Ideally, I prefer eliminating the cap-and-trade program entirely, saving working Washingtonians hundreds of dollars each year. Another proposal would provide a modest rebate to motorists, which is a positive step, but it falls short. In case the CCA is not repealed, I’ve introduced legislation, HB 1904, which proposes redirecting revenue from the CCA to support high-cost hybrid ferries. This strategy aims to use gas tax dollars more efficiently by prioritizing highway, road preservation, and maintenance projects.

My bill aims to alter AG’s authority to send checks in his name

You may have recently received a check in the mail courtesy of Washington’s State Attorney General, Bob Ferguson. The cash comes from the settlement of a chicken and tuna fish price-fixing lawsuit, with over 440,000 Washingtonians slated to receive their share. The total settlement amounts to a whopping $40.6 million, Washingtonians can qualify if their income is at or below 175% of the federal poverty level, which is $52,000 for a family of four.

However, the attorney general’s approach to dispersing checks has raised significant concerns. Shockingly, many of these checks have been sent to deceased residents. It’s also worth noting that every single check bears Ferguson’s name — a move that seems highly questionable, especially considering he is currently a candidate for governor.

Enter HB 2183, my proposed solution to this mess. This bill aims to amend state statutes, explicitly prohibiting elected officials from attaching their name to remittances resulting from a lawsuit. Let’s ensure a fair and transparent distribution of funds without unnecessary controversies. It’s time for a change, and HB 2183 is the way forward.

Here are a handful of other bills I’ve introduced this session:

  • HB 2399 aims to establish a system for receiving, considering, and addressing written complaints about library materials.
  • HB 2398 seeks to include parental representation on instructional materials committees.
  • HB 1827 addresses the prevention of vaccination status discrimination.
  • HB 1871 proposes that the Washington state ferries may not require any person hired on or after the effective date, or any prospective employee, to present proof of COVID-19 vaccination as a condition of employment.
  • For a complete list of my bills, click here.

Bill to end child marriage in Washington state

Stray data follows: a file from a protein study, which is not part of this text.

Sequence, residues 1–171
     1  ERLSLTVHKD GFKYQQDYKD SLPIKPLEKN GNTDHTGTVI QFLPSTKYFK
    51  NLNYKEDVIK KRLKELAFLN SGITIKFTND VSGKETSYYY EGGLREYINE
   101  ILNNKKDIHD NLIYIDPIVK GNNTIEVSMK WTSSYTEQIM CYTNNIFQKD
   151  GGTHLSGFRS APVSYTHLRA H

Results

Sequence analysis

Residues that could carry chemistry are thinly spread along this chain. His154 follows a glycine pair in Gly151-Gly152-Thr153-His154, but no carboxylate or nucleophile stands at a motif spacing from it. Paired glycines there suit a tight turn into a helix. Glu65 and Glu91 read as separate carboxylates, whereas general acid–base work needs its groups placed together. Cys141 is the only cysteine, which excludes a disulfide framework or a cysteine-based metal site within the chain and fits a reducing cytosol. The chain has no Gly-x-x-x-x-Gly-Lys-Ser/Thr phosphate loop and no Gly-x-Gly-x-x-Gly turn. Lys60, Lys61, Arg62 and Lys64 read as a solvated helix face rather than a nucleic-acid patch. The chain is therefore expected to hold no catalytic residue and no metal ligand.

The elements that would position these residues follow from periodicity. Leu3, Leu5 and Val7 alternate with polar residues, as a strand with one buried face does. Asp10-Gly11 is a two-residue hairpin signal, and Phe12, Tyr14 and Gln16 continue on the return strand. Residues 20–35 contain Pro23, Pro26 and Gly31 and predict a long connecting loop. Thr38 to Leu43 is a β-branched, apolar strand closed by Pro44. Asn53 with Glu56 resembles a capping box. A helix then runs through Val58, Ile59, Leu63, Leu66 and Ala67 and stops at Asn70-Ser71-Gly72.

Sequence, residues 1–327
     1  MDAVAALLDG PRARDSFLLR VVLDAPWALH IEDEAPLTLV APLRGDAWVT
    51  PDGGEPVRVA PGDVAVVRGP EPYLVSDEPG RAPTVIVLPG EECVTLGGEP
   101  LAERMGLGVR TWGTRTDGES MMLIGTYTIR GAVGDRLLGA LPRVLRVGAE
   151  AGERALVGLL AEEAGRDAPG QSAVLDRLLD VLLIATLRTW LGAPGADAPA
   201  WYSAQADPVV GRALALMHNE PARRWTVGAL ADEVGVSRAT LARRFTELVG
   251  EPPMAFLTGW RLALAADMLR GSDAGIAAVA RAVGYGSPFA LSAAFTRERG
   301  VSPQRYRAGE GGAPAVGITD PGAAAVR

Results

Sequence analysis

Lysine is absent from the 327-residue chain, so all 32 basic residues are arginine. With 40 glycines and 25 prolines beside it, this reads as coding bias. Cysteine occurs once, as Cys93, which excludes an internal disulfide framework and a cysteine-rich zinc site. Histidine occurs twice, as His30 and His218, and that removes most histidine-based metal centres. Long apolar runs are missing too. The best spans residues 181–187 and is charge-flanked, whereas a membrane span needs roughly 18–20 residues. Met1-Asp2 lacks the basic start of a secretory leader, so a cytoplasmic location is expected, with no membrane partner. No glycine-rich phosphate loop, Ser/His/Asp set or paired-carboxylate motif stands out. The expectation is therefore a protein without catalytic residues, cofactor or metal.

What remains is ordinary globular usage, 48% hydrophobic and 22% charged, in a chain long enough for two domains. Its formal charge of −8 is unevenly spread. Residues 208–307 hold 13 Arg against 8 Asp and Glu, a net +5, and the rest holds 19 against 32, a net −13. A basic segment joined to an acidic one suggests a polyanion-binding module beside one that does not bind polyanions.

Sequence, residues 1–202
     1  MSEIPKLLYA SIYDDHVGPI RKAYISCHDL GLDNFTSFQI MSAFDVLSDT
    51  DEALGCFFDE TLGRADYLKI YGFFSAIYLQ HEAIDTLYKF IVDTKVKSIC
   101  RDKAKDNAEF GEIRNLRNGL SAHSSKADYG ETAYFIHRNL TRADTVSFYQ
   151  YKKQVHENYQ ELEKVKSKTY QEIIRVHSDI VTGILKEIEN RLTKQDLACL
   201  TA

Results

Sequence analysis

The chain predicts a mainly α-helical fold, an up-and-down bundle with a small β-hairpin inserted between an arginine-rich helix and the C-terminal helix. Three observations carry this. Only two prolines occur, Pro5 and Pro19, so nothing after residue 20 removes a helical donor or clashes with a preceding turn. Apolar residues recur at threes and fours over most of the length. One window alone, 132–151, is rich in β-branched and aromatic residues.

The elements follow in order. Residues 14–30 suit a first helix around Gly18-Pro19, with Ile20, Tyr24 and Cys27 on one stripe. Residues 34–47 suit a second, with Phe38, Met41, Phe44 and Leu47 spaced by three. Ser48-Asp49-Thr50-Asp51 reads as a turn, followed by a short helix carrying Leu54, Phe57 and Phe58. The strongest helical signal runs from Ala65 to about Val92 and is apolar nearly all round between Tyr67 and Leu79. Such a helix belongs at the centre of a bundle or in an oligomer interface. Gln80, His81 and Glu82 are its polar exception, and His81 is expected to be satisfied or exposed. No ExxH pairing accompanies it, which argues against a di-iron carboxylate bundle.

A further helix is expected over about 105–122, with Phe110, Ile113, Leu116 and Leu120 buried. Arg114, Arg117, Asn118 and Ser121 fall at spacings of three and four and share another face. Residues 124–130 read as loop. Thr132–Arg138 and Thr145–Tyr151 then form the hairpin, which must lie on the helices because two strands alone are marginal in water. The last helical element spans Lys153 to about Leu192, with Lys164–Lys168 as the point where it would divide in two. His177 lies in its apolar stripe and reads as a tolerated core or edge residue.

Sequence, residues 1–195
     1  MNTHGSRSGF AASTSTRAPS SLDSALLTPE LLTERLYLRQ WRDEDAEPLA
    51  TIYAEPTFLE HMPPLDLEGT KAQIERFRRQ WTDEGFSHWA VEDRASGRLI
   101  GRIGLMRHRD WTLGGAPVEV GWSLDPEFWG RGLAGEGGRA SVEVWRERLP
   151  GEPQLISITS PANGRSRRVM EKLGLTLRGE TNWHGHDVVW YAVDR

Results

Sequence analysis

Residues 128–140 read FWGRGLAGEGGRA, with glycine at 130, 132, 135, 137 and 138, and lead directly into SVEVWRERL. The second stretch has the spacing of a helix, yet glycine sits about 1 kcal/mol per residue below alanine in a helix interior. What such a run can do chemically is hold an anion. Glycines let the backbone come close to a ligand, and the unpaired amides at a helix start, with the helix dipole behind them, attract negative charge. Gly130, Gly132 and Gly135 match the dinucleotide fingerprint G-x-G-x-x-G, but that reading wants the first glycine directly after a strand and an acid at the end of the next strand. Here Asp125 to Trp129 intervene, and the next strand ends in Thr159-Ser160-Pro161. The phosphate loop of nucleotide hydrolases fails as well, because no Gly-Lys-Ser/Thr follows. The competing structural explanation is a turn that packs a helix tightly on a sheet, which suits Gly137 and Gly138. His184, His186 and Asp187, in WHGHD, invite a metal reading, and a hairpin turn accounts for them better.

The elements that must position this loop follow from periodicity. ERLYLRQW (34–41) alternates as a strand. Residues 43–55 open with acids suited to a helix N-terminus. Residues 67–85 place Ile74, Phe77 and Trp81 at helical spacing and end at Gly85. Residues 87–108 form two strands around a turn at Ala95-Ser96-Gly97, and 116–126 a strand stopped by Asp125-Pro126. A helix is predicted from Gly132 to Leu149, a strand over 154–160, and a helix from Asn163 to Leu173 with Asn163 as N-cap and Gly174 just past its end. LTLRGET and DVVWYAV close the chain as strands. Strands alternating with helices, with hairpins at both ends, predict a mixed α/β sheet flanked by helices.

In a recent floor debate, I strongly advocated for House Bill 1455, which would eliminate child marriage in Washington state. The primary objective of this bill is to stop the possibility of court-sanctioned marriages under the age of 18 in specific cases. In my address, I underscored the bill’s recognition that certain decisions, like choosing to marry, are beyond the capacity of children. The legislation is designed to safeguard their childhood by preventing such marriages.

However, it’s important to note that lawmakers should maintain consistency in protecting childhood across all state statutes. Public policy needs to exhibit coherence. While we aim to restrict marriage for children, it’s inconsistent to permit them to make decisions regarding medical procedures that can cause irreversible harm. This lack of philosophical and intellectual consistency needs addressing in our approach to safeguarding the well-being of children.

Five gun restriction measures face scrutiny in Olympia

This week at the state Capitol, the House Civil Rights and Judiciary Committee addressed five gun restriction measures: HB 1902, HB 1903, HB 2021, HB 2054, and HB 2118. To hear my response to these constitutionally questionable proposals, check out the attached video below.

You are invited: 19th District Virtual Town Hall

Join me, along with Sen. Jeff Wilson and Rep. Joel McEntire, as we co-host the 19th District Virtual Town Hall on Wednesday, Jan. 31, at 6 p.m. This virtual event will be hosted on Zoom. I encourage you to register today as space is limited. And finally, don’t miss the opportunity to pre-submit your questions on bills and debates happening in Olympia when you register. I’m eager to hear from you!

Influencing legislation for our region’s values

Our region’s values resonate most powerfully in Olympia when we stand united. Joining forces amplifies our impact in championing good policies and preventing the approval of bad ones. Whether you’re providing input on bills, delivering remote or in-person testimony, or simply sharing your thoughts, every action makes a difference. Check out the variety of resources and links below to help you actively participate in the legislative process. Together, let’s make our voices heard!

Here are some resources to get you started:

Thank you!

Stay tuned for more updates in the coming weeks as we join forces to ignite change during this legislative session. Your ongoing support is deeply appreciated. Together, we are shaping a brighter future for the 19th District and building a stronger Washington state!


Jim Walsh

State Representative Jim Walsh, 19th Legislative District
428 John L. O'Brien Building | P.O. Box 40600 | Olympia, WA 98504-0600
(360) 786-7806 | Toll-free: (800) 562-6000